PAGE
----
Updated: September 9, 2020
Last week, a fitness instructor in my gym got into a fatal accident, leaving behind his wife and a baby.
Sympathies were shared among the members of the gym, but also, concerns were raised as to how the wife will now be able to move forward financially.
It will be a challenge as she joins the more than 14 million Filipinos who are solo parents in the country.
If you belong to this demographic or know someone who is, then the money strategies below can certainly help them manage their finances better.
Defining the Solo Parent
A solo parent is not just a widow. According RA 8972 or the Solo Parents’ Welfare Act of 2000, they are and I quote:
- A woman who gives birth as a result of rape and other crimes against chastity even without a final conviction of the offender, provided that the mother keeps and raises the child.
- Parent left solo or alone with the responsibility of parenthood due to the following circumstances:
- Due to death of spouse.
- Spouse is detained or is serving sentence for a criminal conviction for at least one (1) year.
- Physical and/or mental incapacity of spouse as certified by a public medical practitioner.
- Legal separation or de facto separation from spouse for at least one (1) year, as long as he/she is entrusted with the custody of the children.
- Declaration of nullity or annulment of marriage as decreed by a court or by a church as long as he/she is entrusted with the custody of the children.
Why is it important to define who are considered solo parents under the law? Because RA 8972 explicitly gives them a number of benefits!
Solo Parent Benefits under RA 8972
Solo parents are entitled to seven (7) days extra leave credits every year. Now, you don’t have to worry about missing some of the important events in your child’s life.
Moreover, you have the right to request flexible work schedules as long it doesn’t affect your productivity. This gives you the opportunity to work from home or come to the office later to have more time for parental duties in the morning.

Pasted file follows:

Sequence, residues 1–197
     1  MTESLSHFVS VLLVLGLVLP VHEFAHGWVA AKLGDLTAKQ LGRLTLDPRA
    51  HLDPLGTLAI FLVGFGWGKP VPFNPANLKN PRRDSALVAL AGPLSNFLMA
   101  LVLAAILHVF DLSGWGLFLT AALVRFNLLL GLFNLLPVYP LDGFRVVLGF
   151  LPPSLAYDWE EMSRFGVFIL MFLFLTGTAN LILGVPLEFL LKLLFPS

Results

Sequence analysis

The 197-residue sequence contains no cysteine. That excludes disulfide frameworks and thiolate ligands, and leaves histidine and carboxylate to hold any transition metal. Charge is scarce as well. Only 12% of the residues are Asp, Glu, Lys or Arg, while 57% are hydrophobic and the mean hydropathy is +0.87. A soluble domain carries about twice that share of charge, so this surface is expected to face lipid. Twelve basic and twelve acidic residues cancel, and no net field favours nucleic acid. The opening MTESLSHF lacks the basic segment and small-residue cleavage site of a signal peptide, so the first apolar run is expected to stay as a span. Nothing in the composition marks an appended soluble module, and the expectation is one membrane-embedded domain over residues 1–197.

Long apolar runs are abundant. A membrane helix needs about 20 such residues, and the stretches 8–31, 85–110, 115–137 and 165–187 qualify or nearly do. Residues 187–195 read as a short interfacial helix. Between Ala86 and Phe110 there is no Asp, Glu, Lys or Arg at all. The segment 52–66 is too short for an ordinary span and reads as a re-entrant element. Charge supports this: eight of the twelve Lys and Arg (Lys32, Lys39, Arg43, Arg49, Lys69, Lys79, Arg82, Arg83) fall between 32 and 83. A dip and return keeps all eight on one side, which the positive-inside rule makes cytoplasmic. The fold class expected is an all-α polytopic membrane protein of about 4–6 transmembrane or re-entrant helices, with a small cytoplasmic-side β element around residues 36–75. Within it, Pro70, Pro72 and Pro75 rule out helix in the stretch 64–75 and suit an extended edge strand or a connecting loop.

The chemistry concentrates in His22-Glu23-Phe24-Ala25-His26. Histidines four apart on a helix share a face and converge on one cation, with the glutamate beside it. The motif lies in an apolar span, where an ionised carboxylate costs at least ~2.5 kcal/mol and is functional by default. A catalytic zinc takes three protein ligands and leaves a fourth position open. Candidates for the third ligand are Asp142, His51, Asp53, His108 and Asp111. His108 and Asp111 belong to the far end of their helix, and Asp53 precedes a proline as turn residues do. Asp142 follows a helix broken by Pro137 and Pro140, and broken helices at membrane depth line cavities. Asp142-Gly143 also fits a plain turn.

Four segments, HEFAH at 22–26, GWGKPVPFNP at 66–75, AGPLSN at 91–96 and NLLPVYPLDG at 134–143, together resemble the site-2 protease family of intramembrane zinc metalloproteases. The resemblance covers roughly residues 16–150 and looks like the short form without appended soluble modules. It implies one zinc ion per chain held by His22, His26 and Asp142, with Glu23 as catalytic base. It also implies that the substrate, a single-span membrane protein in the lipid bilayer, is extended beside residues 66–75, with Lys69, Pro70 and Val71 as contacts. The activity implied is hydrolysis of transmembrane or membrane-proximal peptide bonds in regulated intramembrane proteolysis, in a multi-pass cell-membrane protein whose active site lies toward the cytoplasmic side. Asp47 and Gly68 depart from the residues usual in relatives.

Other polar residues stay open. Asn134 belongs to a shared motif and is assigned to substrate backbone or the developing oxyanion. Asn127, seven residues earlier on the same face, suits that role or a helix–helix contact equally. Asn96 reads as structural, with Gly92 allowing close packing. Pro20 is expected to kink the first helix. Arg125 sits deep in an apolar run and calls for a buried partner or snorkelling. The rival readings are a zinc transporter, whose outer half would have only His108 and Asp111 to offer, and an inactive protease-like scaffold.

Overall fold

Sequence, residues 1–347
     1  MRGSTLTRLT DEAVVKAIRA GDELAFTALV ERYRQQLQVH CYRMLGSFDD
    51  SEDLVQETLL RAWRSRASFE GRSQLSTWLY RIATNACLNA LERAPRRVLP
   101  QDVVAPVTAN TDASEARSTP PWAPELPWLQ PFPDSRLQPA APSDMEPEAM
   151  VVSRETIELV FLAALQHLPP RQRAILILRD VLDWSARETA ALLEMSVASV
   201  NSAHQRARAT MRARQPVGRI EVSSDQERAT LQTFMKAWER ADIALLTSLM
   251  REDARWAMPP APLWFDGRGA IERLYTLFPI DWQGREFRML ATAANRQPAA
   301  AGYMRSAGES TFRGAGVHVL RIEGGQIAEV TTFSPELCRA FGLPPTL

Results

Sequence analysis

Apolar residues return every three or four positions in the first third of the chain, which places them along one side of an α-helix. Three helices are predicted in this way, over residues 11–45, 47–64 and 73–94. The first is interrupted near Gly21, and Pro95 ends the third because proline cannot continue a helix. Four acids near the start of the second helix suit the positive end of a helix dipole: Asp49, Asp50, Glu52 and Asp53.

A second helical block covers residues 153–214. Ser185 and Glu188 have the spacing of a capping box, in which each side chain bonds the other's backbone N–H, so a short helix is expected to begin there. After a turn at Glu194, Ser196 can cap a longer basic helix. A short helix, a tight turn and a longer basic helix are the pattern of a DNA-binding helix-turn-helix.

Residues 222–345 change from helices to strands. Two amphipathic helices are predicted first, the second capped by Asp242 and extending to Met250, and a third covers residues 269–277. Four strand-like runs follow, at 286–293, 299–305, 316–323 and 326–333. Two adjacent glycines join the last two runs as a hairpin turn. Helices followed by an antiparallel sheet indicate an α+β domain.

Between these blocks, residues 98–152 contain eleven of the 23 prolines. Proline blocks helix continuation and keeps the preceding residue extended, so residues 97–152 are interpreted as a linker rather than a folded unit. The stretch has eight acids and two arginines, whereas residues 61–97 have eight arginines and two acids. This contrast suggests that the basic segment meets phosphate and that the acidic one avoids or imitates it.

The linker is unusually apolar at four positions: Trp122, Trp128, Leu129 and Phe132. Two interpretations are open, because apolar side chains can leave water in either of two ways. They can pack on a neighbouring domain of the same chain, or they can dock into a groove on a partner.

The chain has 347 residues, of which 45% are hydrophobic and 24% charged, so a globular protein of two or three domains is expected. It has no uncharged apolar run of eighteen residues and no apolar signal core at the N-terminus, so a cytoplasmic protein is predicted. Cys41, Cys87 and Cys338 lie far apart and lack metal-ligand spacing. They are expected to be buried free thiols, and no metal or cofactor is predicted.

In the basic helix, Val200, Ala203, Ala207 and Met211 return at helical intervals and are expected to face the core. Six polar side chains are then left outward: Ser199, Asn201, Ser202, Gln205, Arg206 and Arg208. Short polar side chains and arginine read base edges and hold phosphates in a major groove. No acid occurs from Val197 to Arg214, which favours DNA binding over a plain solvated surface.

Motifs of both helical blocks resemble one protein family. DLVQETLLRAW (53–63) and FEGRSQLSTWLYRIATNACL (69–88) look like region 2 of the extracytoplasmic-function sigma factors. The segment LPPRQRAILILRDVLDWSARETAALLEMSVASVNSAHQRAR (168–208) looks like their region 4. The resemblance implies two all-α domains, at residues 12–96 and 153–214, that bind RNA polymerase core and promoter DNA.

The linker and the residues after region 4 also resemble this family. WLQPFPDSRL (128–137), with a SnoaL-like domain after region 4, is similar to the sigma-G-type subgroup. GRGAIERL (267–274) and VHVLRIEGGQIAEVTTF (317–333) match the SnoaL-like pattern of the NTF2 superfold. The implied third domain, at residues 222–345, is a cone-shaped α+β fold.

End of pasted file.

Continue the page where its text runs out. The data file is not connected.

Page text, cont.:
Talk to your direct supervisor and your company HR to discuss this because they may not be aware that you have such privileges.
Furthermore, you can also avail yourself of the educational benefits given by the Department of Education (DepED), Commission on Higher Education (CHED), and Technical Education and Skills Development Authority (TESDA).
This is especially helpful for those who need to enhance their existing skills to find a job or get promoted at work.
Lastly, there are also provisions on low-cost housing projects and medical assistance, as well as discounts on baby essentials such as clothes, milk, food supplements, and medicines.
As defined by the same law, anyone who has a child dependent can enjoy these benefits. It is not limited to biological parents but includes individuals who are taking care of a nephew or niece, for example.
Moreover, the “child” doesn’t have to be less than 18 years old, they can be well over eighteen years as long as they are incapable of self-support due to mental or physical defect or disability.
These are just an overview of benefits. If you’re interested to learn more, I highly encourage you to visit the Department of Social Welfare and Development (DSWD) office nearest you. That’s also where you will avail the Solo Parent ID, by the way.
Basic personal finance always applies. This means, like everyone else, solo parents should practice smart money management.
Monitor your spending, create a budget, minimize debt, and strive to live below your means. But also, find multiple sources of income, create an emergency fund, have health and life insurance, and learn how to invest to grow your wealth.
Solo parents usually have full-time jobs, which often leads to unnecessary spending for their child to make up for their absence. Resist buying gifts you can’t afford just to compensate. Instead, strive to spend quality time with them.
Giving them your full attention for at least an hour every day at home can make a big difference, and will be appreciated more than simply buying them new clothes or the latest gadgets.
Also, a special note for spouses of OFW’s who are not solo parents, but are still left with the challenge of raising their children alone – take advantage of the money being sent to you by finding ways to making it grow. You can invest or start a business, and help your spouse come back home.
Lastly, with all the expenses on your shoulder, preparing for retirement may be the last thing on your mind as a solo parent. However, it is important to NOT neglect this. Any amount that you can regularly save and invest for your retirement will surely help.
Are you a solo parent? If so, then I’m hoping to hear from you, so please share your stories and other financial tips in the comments section. Thank you.